He's belittling his Republican colleagues. He's pulling the party to the nativist right in direct conflict with the goal set by strategists in 2013 to appeal to a more ethnically diverse nation. And he's generally sucking up all the political oxygen, making it harder for other candidates to get their message out. All in all, many experts say he's making it much more difficult for a Republican to win the general election next fall. Maybe he's doing it on purpose.
It's a theory that has been bubbling long before Mr Bush's recent Twitter accusation.
"If Donald Trump were a Democratic mole placed in the Republican Party to disrupt things, how would his behaviour be any different?" asked conservative political commentator George Will in July. "I don't think it would be."
Just over a week later Republican Congressman Carlos Curbelo of Florida called Mr Trump "a phantom candidate recruited by the left to create this entire political circus." And he laid out what is the foundation of the Trump conspiracy theories.
Donald Trump Thinks That the Democratic Party, Which Is Called the Democratic Party, Should Be Called the “Democratic Party”
Donald Trump addressed the nation at a White House event ostensibly scheduled as a Young Black Leadership summit, but which ended up functioning as the president’s platform to comment on the arrest of Florida man Cesar Sayoc, who is suspected of mailing explosive devices to the Clintons, Barack Obama, prominent members of the Democratic Party leadership, philanthropist George Soros, and CNN. The president attempted to sooth the nation with some heavily-scripted, hollow calls for unity before, uh, offering some passive aggressive advice to Democrats about how they could more effectively rebrand.
Here’s how Trump’s suggestion looks when written down, courtesy of Toronto Star Washington DC correspondent Daniel Dale.
“You notice I never say the Democratic Party. You know the word is Democrat,” Trump said, after going off script. “But when you say Democratic, it’s much nicer sounding, right? They should change their name, actually, but I’m not going to tell them that.”
Here’s the thing, Democrats actually do call themselves the Democratic Party. “Democrats” is a proper noun. “Democratic” is an adjective describing the party. When “democratic” is lower case, it’s an adjective describing aspects pertaining to the concept of democracy. Trump had more to say on the matter.
“But they say the Democratic Party. It’s not. … It’s called the Democrat Party,” the clearly confused 72-year-old said. “It doesn’t sound good, right?”
While continuing to think out loud on the subject, Trump put on his branding and marketing guru hat—his favorite hat, after all.
“I hate to say, you know, you’re making a speech and then you say the Democrat Party, and a lot of people say, ‘Oh, it should be the Democratic [Party] because it sounds so much better,” Trump said, moments after calling for bipartisan unity. “They should actually change the name. I’m giving them free advice. Change the name, because we’ll still beat them, their policies are no good, so it doesn’t matter.”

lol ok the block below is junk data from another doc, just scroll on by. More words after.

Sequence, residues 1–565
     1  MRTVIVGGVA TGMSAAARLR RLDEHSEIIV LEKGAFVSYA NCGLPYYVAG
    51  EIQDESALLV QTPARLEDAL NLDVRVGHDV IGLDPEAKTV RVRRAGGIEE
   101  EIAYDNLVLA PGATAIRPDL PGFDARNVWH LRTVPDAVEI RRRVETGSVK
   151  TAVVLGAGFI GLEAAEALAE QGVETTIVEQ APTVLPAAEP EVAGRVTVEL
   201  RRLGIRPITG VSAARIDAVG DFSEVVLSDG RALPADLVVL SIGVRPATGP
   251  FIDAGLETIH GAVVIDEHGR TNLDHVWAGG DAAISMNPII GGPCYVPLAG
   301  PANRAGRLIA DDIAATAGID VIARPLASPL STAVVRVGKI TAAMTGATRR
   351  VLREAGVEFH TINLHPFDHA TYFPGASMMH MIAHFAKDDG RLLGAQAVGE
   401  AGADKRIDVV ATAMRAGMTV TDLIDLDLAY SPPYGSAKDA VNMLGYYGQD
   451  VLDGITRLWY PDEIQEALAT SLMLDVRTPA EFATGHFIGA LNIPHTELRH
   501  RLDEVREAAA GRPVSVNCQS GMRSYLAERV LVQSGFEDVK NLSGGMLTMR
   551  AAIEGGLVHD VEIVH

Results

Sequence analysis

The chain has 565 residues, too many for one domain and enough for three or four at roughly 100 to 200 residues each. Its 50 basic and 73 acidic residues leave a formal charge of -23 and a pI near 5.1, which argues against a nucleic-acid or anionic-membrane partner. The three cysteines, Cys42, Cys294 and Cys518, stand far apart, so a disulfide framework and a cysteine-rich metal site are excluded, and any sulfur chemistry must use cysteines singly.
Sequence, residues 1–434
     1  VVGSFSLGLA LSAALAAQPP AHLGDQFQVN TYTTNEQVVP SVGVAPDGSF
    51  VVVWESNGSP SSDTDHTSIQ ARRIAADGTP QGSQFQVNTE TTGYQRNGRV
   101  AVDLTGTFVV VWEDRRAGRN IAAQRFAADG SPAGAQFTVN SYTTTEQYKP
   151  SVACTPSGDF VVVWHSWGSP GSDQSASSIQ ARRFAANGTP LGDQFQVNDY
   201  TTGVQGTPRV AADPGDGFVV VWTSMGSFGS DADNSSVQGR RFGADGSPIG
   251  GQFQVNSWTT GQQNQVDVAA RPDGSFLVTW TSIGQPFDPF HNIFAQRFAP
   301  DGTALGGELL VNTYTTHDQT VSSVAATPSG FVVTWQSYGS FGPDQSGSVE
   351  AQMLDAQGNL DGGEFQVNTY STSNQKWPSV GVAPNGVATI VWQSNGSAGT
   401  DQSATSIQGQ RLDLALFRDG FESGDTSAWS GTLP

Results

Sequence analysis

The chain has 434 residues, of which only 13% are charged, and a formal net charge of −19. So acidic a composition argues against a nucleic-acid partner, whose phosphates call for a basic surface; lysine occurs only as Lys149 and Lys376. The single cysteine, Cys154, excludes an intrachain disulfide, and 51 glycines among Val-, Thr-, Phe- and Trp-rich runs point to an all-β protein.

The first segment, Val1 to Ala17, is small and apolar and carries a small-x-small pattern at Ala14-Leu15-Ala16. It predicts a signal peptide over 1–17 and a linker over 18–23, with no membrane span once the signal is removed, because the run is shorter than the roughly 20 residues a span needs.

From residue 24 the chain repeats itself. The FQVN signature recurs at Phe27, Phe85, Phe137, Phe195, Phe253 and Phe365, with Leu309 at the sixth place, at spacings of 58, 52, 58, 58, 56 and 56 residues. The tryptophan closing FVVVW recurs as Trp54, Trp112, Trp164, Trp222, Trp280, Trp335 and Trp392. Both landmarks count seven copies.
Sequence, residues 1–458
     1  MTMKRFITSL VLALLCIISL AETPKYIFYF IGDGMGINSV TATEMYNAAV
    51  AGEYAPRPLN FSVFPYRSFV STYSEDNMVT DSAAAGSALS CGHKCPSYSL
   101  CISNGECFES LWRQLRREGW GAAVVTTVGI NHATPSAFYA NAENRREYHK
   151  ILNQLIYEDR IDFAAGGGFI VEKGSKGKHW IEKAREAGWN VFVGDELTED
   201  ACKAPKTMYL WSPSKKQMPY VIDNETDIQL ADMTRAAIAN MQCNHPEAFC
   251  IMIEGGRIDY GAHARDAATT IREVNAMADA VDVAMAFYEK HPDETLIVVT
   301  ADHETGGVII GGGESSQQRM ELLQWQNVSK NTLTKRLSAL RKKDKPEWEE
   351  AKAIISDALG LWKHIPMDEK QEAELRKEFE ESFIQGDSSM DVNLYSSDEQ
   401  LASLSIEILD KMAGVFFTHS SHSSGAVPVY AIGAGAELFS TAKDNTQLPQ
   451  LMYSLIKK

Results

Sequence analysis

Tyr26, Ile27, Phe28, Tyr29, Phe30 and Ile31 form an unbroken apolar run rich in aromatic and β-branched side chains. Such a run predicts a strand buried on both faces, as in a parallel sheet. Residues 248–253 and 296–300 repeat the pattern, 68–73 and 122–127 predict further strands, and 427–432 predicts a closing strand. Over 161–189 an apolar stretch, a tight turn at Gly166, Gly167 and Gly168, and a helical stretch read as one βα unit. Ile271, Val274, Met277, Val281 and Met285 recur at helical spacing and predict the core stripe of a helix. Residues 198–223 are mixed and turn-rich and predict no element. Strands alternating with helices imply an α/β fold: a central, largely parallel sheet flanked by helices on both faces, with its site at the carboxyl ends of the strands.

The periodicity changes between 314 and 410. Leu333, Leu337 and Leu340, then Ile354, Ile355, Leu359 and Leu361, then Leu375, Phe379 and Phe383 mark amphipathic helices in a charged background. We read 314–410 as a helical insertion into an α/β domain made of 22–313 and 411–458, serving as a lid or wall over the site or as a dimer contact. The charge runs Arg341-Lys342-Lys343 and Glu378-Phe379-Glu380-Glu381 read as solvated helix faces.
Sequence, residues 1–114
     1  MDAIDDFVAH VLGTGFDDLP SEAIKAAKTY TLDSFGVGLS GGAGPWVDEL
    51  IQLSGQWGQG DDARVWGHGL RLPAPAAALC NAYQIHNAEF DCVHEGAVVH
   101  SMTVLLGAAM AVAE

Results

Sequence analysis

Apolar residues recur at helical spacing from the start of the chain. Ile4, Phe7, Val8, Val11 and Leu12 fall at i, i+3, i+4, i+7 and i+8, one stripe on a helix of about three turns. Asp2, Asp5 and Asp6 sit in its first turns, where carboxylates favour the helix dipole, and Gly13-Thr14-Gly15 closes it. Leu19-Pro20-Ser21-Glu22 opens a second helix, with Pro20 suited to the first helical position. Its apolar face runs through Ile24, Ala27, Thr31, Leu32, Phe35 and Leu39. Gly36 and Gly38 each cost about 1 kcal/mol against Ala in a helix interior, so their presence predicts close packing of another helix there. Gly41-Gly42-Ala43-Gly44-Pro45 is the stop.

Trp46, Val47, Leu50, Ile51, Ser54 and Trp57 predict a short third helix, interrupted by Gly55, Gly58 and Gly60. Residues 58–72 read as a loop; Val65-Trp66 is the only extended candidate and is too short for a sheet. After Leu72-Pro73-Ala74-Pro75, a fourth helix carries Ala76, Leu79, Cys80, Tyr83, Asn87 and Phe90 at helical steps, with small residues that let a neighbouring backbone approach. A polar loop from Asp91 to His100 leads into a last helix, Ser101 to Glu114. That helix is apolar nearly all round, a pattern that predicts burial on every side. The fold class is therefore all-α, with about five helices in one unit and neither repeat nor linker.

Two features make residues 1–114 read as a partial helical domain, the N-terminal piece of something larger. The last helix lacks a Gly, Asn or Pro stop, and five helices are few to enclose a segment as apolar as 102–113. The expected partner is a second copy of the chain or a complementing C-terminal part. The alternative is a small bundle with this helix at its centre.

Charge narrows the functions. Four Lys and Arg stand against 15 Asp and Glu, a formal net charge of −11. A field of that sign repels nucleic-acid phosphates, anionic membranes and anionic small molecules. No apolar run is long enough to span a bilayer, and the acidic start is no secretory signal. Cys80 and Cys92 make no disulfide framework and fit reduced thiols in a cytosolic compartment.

So the Democratic Party should call themselves the Democratic Party despite already calling themselves the Democratic Party. Right.
What If Trump Had Won As a Democrat?
It’s a fascinating thought experiment: Could Trump have done to the Democrats in 2016 what he did to the Republicans? Why not? There, too, he would have challenged an overconfident, message-challenged establishment candidate (Hillary Clinton instead of Jeb Bush). He would have had an even smaller number of competitors to dispatch. One could easily see him doing as well as or better than Bernie Sanders—surprising Clinton in the Iowa caucuses, winning the New Hampshire primaries, and on and on. More to the point, many of Trump’s views—skepticism on trade, sympathetic to Planned Parenthood, opposition to the Iraq War, a focus on blue-collar workers in Rust Belt America—seemed to gel as well, if not better, with blue-state America than red. Think the Democrats wouldn’t tolerate misogynist rhetoric and boorish behavior from their leaders? Well, then you’ve forgotten about Woodrow Wilson and John F. Kennedy and LBJ and Bill Clinton.
There are, as with every what-if scenario, some flaws. Democrats would have deeply resented Trump’s "birther" questioning of Barack Obama’s origins, and would have been highly skeptical of the former reality TV star’s political bona fides even if he hadn’t made a sharp turn to the right as he explored a presidential bid in the run-up to the 2012 election. His comments on women and minorities would have exposed him to withering scrutiny among the left’s army of advocacy groups. Liberal donors would likely have banded together to strangle his candidacy in its cradle—if they weren’t laughing him off. But Republican elites tried both of these strategies in 2015, as well, and it manifestly didn’t work. What’s more, Trump did once hold a passel of progressive stances—and he had friendships all over the political map. As Bloomberg’s Josh Green notes, in his "Apprentice" days, Trump was even wildly popular among minorities. It’s not entirely crazy to imagine him outflanking a coronation-minded Hillary Clinton on the left and blitzing a weak Democratic field like General Sherman marching through Georgia. And besides, it’s fun to think about.
So how, in fact, might history have changed if Trump descended that infamous golden escalator and declared his candidacy for the Democratic nomination? And how would it be (depressingly) the same?